• [0003]
    2. Background
  • [0004]
    In a radio frequency (RF) transceiver, a communication signal is typically received and downconverted by receive circuitry, sometimes referred to as a receive chain. A receive chain typically includes a receive filter, a low noise amplifier (LNA), a mixer, a local oscillator (LO), a voltage controlled oscillator (VCO), a baseband filter, and other components, to recover the information contained in the communication signal. The transceiver also includes circuitry that enables the transmission of a communication signal to a receiver in another transceiver. The transceiver may be able to operate over multiple frequency ranges, typically referred to a frequency bands. Moreover, a single transceiver may be configured to operate using multiple carrier signals that may occur in the same frequency band, but that may not overlap in actual frequency, an arrangement referred to as non-contiguous carriers.
  • [0005]
    In a cellular communication environment, the number of radio frequency (RF) carriers allocated to the end-user is limited because it is difficult to determine the available spectrum and sufficient spectrum must remain available to meet various quality of service (QOS) commitments. As a result, often there is unused spectrum. Wireless service providers have only a limited knowledge of the available spectrum around each user and around each user equipment (UE). A receiver in a UE, such as a mobile telephone, generally does not allow for a periodic analysis of the radio spectrum available to the UE.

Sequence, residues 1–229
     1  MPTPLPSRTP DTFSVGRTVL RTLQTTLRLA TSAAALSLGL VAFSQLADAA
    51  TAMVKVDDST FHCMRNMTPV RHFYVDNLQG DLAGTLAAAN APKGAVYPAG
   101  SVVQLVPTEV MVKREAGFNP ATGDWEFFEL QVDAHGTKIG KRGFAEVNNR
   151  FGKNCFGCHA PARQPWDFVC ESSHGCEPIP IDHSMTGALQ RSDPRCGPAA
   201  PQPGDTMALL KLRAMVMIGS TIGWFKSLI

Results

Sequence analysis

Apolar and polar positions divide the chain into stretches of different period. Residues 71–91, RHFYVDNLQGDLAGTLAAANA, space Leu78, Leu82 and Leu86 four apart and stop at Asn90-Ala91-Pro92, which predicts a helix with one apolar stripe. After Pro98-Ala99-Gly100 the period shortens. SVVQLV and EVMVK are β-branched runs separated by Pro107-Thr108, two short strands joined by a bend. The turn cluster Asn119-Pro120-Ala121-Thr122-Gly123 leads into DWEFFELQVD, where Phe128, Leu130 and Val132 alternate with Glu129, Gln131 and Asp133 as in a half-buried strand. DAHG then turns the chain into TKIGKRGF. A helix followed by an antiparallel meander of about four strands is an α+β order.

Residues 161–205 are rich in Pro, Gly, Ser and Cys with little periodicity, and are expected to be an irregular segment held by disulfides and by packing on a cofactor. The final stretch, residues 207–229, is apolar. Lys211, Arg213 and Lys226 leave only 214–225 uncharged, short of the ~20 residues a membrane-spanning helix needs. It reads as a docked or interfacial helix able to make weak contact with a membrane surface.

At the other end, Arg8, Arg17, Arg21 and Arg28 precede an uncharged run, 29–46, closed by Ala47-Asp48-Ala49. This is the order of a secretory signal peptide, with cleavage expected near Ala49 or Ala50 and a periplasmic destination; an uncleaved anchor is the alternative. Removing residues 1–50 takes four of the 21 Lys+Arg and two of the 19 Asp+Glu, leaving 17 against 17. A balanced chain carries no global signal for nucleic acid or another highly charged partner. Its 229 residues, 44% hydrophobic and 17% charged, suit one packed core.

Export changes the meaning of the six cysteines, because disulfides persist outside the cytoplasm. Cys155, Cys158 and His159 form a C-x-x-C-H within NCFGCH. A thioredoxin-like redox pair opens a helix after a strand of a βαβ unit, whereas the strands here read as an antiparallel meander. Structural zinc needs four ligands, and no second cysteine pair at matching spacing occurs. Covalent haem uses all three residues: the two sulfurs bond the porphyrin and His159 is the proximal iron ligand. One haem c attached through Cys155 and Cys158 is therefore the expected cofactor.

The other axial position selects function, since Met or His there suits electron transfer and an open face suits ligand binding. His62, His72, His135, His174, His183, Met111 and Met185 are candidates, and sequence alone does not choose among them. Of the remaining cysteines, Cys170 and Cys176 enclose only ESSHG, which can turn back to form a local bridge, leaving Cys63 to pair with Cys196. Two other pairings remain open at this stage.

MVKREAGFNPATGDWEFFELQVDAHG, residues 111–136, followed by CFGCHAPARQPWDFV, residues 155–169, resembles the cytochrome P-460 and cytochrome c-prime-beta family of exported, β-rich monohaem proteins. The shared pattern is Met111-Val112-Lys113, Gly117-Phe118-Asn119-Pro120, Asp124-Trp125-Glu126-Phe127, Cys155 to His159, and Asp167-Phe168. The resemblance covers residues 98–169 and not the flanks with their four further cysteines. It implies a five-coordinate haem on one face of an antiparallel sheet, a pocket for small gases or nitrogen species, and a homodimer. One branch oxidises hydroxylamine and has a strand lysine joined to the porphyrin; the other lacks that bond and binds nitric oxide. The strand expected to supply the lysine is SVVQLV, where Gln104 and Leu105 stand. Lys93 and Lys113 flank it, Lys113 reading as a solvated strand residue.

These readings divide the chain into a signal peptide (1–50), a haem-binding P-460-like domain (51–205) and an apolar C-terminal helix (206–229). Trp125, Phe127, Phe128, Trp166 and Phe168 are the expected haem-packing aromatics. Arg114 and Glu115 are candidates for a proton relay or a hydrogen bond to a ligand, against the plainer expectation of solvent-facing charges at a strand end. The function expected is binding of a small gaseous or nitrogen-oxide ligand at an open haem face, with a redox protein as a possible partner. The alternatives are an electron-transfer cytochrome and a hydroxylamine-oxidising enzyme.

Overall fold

• [0006]
    Therefore, it would be desirable to have a way for a UE to obtain a periodic analysis of the spectrum available at a given time.
  • BRIEF DESCRIPTION OF THE DRAWINGS
  • [0007]
    In the figures, like reference numerals refer to like parts throughout the various views unless otherwise indicated. For reference numerals with letter character designations such as “102 a” or “102 b”, the letter character designations may differentiate two like parts or elements present in the same figure. Letter character designations for reference numerals may be omitted when it is intended that a reference numeral encompass all parts having the same reference numeral in all figures.
  • [0008]
    FIG. 1 is a diagram showing a wireless device communicating with a wireless communication system.
  • [0009]
    FIG. 2A is a graphical diagram showing an example of contiguous intra-band carrier-aggregation (CA).
  • [0010]
    FIG. 2B is a graphical diagram showing an example of non-contiguous intra-band CA.
  • [0011]
    FIG. 2C is a graphical diagram showing an example of inter-band CA in the same band group.
  • [0012]
    FIG. 2D is a graphical diagram showing an example of inter-band CA in different band groups.
  • [0013]
    FIG. 3 is a block diagram of an exemplary design of wireless device in FIG. 1.
  • [0014]
    FIG. 4 is a schematic diagram illustrating an exemplary embodiment of a receiver front-end of a spectrum sensing radio.
  • [0015]
    FIG. 5 is a schematic diagram illustrating an exemplary embodiment of a portion of a receiver of a spectrum sensing radio.
  • [0016]
    FIG. 6 is a block diagram illustrating wideband and narrowband circuit elements of the digital transceiver of FIG. 5.
  • [0017]
    FIG. 7 is a graphical illustration of a communication spectrum processed by a spectrum sensing receiver.
  • [0018]
    FIG. 8 is a schematic diagram showing an exemplary embodiment of an adjustable attenuator and an adjustable LNA.
  • [0019]